Grand Cru


Andlau and Eichhoffen

Its gentle slopes shelter a generous terroir which produces structured, complex wines with elegant grandeur.

  • Soil type Marl-limestone-slate and colluviums
  • Surface area in hectares 11,83
  • Exposure South, South-East
  • Village Andlau and Eichhoffen
  • Altitude 230 to 260 metres
  • Grape varieties (in % per variety)
    • Riesling 62%
    • Pinot Gris 23%
    • Gewurztraminer 15%
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Grand Cru Moenchberg

The wines

The major force of Moenchberg is giving fruity, rich and complex wines even when they are young, for both great dry and splendidly-sweet wines.They can be recognised by their generous frame, perfectly balanced by a punchy acidity which provides a note of freshness, even during hot vintage years.

The terroir-tie

Wine specificities

Moenchberg gives its wines a regular, massive and overlaying acidity. This acidity along with the early-ripening terroir gives salinity, length and recognisable intensity year after year. The cru’s fruitiness is expressed through typical aromas of grapefruit and mango – even fruit jelly when young.

It’s only after four to five years of ageing that Moenchberg wines give tasters the most complex aromas with notes of flint and spices.

This terroir is distinguished by a succulent sensation.

The acid structure is generous, as if deposited on the tongue, and slowly progresses along the palate. There is first a vigorous then fleshy sensation. The substance then tightens near the finish. The subtle length is upheld by noble bitterness which blends into a delicate minerality. Advancing step by step, the finish provokes a noticeable astringent feel.

Le Riesling exhibe ses notes d’agrumes dans un registre frais. Pinot Gris and Gewurztraminer offer a range of hazelnut and fresh almond notes in a great fruity balance.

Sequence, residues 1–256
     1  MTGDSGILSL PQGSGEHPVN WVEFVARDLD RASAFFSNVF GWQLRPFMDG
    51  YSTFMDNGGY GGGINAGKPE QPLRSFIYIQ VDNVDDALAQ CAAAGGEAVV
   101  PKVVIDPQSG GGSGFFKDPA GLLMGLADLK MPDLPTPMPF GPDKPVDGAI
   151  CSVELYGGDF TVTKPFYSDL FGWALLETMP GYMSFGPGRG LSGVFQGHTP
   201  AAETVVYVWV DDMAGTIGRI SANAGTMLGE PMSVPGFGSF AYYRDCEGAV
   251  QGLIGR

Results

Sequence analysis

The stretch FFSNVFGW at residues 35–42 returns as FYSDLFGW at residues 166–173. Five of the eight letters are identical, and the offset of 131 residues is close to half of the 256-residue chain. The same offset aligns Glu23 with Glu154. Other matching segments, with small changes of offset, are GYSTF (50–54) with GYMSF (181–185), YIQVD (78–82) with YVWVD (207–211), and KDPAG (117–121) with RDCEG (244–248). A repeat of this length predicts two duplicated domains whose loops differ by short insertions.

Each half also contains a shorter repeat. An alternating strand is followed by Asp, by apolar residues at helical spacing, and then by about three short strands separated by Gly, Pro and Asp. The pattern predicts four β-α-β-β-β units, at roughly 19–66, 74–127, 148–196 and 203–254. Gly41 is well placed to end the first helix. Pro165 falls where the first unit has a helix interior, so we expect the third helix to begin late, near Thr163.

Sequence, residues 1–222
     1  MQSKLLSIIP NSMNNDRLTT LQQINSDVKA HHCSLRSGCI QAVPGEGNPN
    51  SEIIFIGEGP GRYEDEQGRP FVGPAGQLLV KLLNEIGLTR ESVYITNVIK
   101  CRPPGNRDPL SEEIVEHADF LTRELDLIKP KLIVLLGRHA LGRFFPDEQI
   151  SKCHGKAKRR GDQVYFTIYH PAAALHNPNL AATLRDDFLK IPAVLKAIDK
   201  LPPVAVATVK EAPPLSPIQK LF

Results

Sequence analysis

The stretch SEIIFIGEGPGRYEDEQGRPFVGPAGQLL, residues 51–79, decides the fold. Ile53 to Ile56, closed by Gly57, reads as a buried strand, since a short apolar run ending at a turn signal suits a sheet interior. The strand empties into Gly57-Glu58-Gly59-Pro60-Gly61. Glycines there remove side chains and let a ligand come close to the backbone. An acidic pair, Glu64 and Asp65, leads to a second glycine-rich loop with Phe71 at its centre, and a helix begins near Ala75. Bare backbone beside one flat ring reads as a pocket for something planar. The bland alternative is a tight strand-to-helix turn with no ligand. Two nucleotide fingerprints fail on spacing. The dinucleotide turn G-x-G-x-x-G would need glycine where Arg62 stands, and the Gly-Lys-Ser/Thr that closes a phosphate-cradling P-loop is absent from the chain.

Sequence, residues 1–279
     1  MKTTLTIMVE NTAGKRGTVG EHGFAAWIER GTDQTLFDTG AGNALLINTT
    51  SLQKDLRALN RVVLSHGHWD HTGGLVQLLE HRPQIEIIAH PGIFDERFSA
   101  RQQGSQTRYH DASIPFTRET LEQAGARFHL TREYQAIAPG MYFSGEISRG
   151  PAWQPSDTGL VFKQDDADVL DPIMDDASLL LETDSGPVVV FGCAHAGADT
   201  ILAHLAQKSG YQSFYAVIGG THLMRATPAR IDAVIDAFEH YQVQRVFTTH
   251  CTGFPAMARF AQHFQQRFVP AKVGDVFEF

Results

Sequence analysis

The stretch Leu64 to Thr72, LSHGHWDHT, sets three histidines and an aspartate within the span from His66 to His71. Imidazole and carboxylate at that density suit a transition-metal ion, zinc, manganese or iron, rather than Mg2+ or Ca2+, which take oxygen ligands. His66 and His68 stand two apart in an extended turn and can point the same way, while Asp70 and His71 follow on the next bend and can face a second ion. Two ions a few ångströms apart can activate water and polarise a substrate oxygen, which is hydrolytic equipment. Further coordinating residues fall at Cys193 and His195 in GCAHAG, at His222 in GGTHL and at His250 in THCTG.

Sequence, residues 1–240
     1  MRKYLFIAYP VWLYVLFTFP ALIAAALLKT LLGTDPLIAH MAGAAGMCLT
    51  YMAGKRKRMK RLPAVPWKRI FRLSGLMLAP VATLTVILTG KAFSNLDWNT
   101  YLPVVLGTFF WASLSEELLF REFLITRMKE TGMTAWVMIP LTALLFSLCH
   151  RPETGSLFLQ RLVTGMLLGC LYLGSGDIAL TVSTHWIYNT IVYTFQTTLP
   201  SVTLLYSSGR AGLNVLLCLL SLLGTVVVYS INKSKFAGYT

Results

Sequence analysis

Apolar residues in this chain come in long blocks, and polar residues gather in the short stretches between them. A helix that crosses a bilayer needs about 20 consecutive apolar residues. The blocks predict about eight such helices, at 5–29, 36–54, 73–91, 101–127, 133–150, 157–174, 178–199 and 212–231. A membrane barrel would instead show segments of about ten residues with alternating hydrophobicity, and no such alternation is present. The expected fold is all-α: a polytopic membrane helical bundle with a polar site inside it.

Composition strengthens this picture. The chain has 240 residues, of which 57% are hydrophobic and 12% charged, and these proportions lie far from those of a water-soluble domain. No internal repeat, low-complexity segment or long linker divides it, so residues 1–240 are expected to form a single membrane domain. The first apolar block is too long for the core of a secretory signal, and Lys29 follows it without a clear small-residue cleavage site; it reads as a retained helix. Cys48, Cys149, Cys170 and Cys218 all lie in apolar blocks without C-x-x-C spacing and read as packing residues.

Romain Ilitis
Best Sommelier of France, 2012 and Meilleur Ouvrier de France, 2015 (in the Sommelier category)

Choose and serve

Vintage years

Moenchberg wines have all proved to keep well, unravelling a unique complexity when aged.
Through the work of wine-makers and its mastered generosity, Moenchberg wines are able to be compared to the greatest terroirs.

These are wines which fully express themselves after 3 or 4 years. But the delicious structure feel makes them wines which can be enjoyed even earlier.

Lors de millésimes précoces : les notes de fruits secs marquent plus nettement les vins, notamment dans un registre grillé. The slightly bitter notes accentuate the lingering taste.

During late-ripening vintage years: the generous structure gains in vigour providing a vivacious liveliness which highlights the deliciousness of these wines.

Romain Ilitis
Best Sommelier of France, 2012 and Meilleur Ouvrier de France, 2015 (in the Sommelier category)

After 3 to 4 years, Riesling from the Moenchberg Grand Cru unveils its aromatic complexity of fresh, salty seaweed, moss, fern and also fruit flavours. Without losing its racy and young finesse, it mainly expresses a surprising full-bodied and round touch.

Serge Dubs

Wine and food pairing

The lingering bitter sensation is well-suited for earth-based products, vegetables or cereals. Vegetable soup with or without meat, spelt with herbs, risotto with cockles or scallops … these dishes provide the wine with a savoury anchor steered by the roasted notes and lingering bitterness.

Romain Ilitis
Best Sommelier of France, 2012 and Meilleur Ouvrier de France, 2015 (in the Sommelier category)